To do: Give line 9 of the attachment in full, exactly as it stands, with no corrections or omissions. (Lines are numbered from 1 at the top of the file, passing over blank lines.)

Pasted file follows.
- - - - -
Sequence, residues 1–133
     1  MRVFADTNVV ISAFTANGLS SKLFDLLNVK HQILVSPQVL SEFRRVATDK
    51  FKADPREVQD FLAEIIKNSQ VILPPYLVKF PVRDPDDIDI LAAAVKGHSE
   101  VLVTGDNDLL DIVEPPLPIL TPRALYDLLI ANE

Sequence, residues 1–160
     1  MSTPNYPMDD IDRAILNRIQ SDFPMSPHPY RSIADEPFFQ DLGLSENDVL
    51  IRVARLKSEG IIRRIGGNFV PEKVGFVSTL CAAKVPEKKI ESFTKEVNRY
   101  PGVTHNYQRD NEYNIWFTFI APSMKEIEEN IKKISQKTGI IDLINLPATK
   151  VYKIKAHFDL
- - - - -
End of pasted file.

   151  VYKIKAHFDL